Chicago Tribune 7/6/03 [Excerpts from More literary woes for Mormon elders]: It has been a difficult literary summer for the Church of Jesus Christ of Latter-day Saints. Not only has the celebrated writer Jon Krakauer parsed the church’s violent history in Under the Banner of Heaven, but so have two lesser-known authors—Sally Denton in American Massacre: The Tragedy at Mountain Meadows and Dorothy Allred Solomon in Predators, Prey, and Other Kinfolk: Growing Up in Polygamy
The Krakauer book in particular has so disturbed Mormon elders that last week they took the unusual step of issuing an early broadside, hoping to discredit the book even before it was published. Krakauer said in response to the Mormon elders…the church has “long endeavored to retain proprietary control over how [its] history is presented to the world....” In evidence Krakauer quotes Apostle Boyd Packer, second in line to head the church, as declaring in 1981 that “some things that are true are not very useful...In the Church we are not neutral....There is a war going on, and we are engaged in it.”
One ongoing battle is over what, before Sept. 11, 2001, was called the worst religious atrocity ever committed in America: the slaughter in 1857 of 140 Arkansas emi-grants in a wagon train at a Utah pass called Mountain Meadows. [In addition to the book on the subject by Krakauer]…Sally Denton (herself of Mormon descent) is the latest writer to contend—persuasively in her case—that the responsibility did not lie just on an outcast Mormon named John Doyle Lee and the Indians he led. The ultimate onus, she writes, belongs to Brigham Young, the absolute monarch of Utah who, pressured by financial crises and increasing scrutiny from the federal government, incited the attack himself.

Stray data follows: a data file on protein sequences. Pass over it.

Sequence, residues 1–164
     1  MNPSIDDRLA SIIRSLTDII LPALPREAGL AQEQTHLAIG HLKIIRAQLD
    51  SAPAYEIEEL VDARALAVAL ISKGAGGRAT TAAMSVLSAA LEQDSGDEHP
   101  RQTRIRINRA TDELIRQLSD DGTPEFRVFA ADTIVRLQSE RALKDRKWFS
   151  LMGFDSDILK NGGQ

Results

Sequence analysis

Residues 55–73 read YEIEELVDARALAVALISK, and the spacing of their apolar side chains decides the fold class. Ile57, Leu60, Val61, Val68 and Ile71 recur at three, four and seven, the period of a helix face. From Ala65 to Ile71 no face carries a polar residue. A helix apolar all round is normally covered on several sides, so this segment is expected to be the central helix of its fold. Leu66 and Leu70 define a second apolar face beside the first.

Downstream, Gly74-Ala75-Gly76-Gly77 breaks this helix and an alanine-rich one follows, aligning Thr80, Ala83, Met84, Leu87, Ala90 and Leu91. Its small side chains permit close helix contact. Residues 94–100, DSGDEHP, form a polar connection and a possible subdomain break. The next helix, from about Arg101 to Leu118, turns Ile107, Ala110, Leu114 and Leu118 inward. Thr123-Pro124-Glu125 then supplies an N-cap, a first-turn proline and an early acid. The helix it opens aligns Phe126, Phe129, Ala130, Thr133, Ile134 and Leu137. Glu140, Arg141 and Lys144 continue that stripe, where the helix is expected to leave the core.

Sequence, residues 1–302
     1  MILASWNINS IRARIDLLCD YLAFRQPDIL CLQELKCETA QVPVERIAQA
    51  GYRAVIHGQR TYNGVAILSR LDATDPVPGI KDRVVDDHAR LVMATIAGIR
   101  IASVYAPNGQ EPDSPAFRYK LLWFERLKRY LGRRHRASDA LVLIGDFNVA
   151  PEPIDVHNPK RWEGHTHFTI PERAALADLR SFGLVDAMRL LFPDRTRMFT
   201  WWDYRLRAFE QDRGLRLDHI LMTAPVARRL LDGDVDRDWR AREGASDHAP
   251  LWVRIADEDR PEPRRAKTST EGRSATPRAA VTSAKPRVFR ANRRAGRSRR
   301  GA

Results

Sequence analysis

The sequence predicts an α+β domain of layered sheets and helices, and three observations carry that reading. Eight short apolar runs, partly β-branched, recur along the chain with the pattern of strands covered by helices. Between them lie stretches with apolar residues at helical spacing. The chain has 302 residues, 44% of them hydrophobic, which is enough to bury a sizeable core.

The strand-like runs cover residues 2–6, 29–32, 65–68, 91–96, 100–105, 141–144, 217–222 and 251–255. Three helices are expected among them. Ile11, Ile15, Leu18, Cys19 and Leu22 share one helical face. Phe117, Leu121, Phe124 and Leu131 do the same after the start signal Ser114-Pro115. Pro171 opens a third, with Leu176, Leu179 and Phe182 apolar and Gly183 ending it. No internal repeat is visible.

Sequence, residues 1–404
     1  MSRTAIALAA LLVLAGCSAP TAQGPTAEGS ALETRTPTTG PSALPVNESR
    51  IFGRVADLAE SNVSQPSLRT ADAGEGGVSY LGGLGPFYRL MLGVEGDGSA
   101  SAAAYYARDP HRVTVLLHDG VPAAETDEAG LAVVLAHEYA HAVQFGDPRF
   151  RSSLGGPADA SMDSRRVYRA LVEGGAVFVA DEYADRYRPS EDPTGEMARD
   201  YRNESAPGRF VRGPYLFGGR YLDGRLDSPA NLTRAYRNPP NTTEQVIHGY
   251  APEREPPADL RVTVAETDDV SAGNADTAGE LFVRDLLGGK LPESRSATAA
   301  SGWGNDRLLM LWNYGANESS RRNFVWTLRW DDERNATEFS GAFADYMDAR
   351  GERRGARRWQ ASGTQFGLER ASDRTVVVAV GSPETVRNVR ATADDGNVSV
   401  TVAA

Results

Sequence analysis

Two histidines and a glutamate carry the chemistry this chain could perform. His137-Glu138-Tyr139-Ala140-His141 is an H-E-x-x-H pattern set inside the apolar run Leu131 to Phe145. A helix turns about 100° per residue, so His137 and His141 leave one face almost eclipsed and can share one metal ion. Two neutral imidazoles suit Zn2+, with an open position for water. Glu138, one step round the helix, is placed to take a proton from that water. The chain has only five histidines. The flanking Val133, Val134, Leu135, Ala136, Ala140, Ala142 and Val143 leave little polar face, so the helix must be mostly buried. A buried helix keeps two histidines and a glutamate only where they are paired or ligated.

“We were ACTING UNDER ORDERS from the Church of Jesus Christ of Latter-day Saints,” Lee said in a confession just before his execution by a firing squad. “The horrid deeds then committed were done as a duty which we believed we owed to God and our Church.” This carefully documented book also explores how today’s Mormon church has refused to acknowledge Young’s culpability….
History plagues the Mormons in other ways, especially the offshoots of the church that still practice polygamy. “I am the daughter of my father’s fourth plural wife, twenty-eighth of forty-eight children—a middle kid, you might say, with the middle kid’s propensity for identity crisis,” begins Dorothy Allred Solomon’s Predators, Prey, and Other Kinfolk.
After a series of FBI raids in the 1950s, Solomon’s physician-preacher father, Rulon Allred, was sentenced to prison. His family was scattered to Mexico, Las Vegas and Montana. In 1977 he was shot to death by members of a rival sect of polygamists.
The people Solomon tells us about are not hairy, wild-eyed monsters but fully fleshed, sometimes obstinate, often admirable human beings caught in the grip of religious absolutism. She shows brilliantly how we can loathe what they believe but also hope for their eventual enlightenment.